Right-wing talkers adjust to prexy's falling numbers

President Bush’s approval ratings are near record lows, as are Vice President Dick Cheney’s following a hunting accident that not only renewed charges of White House secrecy but also made him a ripe target for latenight comics. So what are conservative talk and cable hosts to do?

Hey, how ’bout them Oscars?

Talk hosts always tackle a wide variety of subjects, but with the Bush team increasingly looking like the gang that couldn’t shoot straight — literally, in Cheney’s case — there’s a certain value for right-leaning talent in changing the subject.

Recent Republican travails would seem to weigh heavily on the high-profile talk hosts at Fox News Channel, which, even in its news coverage, occasionally blunts rough edges when covering the current White House.

Although Fox rejects the conservative label, when other nets last week pounced on newly released video showing Bush being warned of possible disaster in New Orleans before Hurricane Katrina, the channel downplayed the most damaging video snippet along with Bush’s statement days after the storm that “I don’t think anybody anticipated the breach of the levees.” (AP subsequently clarified its initial report, noting that the president had been warned about the levees “topping,” which is different from a “breach.”)

At the same time, a few conservative hosts are joining in the chorus of Bush administration criticism on issues such as the Dubai port-management deal, lending some credibility to their claims that they don’t simply parrot Republican National Committee talking points. At the very least, political passions make for a lively debate, the life’s blood of programs such as Fox News’ “Hannity & Colmes.”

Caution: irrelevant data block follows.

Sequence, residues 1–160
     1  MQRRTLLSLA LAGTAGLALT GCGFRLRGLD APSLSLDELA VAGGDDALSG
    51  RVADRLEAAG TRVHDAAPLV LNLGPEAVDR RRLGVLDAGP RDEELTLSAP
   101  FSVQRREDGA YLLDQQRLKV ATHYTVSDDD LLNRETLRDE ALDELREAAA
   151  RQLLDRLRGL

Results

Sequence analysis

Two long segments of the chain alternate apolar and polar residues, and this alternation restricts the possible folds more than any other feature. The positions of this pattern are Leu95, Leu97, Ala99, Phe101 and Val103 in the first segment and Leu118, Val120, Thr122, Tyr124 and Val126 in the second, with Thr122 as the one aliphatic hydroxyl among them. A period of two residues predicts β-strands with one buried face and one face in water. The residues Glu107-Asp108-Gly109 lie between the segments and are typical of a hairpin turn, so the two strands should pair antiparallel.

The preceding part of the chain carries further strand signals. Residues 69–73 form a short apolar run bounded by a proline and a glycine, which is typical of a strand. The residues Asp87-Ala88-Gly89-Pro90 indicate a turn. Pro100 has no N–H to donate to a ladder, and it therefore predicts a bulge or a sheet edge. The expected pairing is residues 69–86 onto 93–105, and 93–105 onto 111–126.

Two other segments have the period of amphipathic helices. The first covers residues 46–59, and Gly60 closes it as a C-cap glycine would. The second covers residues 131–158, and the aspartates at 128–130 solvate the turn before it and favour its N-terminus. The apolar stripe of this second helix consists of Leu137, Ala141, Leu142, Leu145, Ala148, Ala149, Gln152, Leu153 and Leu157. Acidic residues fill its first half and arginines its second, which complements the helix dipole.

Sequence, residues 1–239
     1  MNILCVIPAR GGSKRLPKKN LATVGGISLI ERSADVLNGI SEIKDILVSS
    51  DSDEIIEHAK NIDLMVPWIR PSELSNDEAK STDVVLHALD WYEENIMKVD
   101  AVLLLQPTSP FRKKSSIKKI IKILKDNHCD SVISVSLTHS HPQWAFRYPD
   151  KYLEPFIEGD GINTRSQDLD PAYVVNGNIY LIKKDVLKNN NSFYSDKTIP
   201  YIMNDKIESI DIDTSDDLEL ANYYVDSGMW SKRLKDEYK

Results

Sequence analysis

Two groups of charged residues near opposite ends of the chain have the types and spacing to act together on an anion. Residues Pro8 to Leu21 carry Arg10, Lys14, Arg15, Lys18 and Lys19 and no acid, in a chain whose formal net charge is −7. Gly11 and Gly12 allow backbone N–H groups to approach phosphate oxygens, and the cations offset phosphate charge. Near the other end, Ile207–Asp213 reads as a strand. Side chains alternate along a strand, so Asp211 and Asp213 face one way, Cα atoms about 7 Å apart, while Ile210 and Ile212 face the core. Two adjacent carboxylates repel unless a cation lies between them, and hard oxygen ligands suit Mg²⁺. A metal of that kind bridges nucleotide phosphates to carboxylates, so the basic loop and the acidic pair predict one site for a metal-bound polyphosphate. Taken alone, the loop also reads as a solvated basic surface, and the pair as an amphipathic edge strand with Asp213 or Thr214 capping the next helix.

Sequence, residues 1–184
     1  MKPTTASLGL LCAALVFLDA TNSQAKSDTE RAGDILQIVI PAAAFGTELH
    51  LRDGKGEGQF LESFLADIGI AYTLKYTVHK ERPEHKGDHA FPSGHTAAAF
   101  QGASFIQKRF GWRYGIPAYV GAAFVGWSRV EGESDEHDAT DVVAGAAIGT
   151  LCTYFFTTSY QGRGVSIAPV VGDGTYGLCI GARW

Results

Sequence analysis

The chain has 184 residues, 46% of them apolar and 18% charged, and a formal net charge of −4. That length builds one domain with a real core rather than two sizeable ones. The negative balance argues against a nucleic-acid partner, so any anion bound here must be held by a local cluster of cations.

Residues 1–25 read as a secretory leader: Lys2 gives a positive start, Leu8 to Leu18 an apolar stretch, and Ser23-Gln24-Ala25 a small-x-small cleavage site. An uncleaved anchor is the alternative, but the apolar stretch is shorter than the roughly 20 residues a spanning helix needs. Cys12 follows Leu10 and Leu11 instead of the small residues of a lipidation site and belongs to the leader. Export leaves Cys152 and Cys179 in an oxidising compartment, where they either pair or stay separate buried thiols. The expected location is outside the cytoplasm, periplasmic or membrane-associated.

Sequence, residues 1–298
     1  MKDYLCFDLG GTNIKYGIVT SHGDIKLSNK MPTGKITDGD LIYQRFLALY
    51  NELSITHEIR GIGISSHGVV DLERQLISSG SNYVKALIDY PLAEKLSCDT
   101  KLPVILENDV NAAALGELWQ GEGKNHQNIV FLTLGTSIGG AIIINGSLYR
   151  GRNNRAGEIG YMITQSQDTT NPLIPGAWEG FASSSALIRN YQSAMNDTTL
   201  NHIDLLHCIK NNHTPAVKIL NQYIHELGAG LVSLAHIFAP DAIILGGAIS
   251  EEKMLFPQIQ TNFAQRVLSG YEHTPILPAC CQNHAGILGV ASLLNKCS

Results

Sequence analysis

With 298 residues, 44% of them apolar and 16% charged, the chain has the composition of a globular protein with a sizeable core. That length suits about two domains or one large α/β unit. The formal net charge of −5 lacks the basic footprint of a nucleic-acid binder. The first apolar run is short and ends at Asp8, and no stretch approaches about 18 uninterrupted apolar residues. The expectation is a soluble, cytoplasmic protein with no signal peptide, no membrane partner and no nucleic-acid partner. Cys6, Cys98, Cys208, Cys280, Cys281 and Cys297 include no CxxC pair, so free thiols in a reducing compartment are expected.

Both TV and cable talkers are also finding ancillary topics that play to a conservative base. The so-called “culture wars” and “liberal Hollywood,” for example, figure to get a vigorous workout in the wake of the Oscars, just as the suspension of a teacher for comparing the president to Adolf Hitler became a much-discussed story last week.

This isn’t to say that conservatives are joining ranks with liberal Air America, where hosts such as Al Franken, Randi Rhodes and Mike Malloy deliver a non-stop rant against the president. But it does show that the nation’s top-ranked conservative radio and TV hosts are showmen first and presidential apologists second, or to hear them tell it, not apologists at all.

“First and foremost I’m an entertainer; I’ve got to put eardrums next to the box,” says syndicated conservative talker Larry Elder. “There’s a reason people don’t watch PBS. It’s highly informative, but it’s boring.”

For Elder, the Oscars represent an inviting target with a spate of nominated films that hew to typical liberal Hollywood storylines, including oppression of gays, the heroism of journalists in the McCarthy era and rampant racial tension in Los Angeles.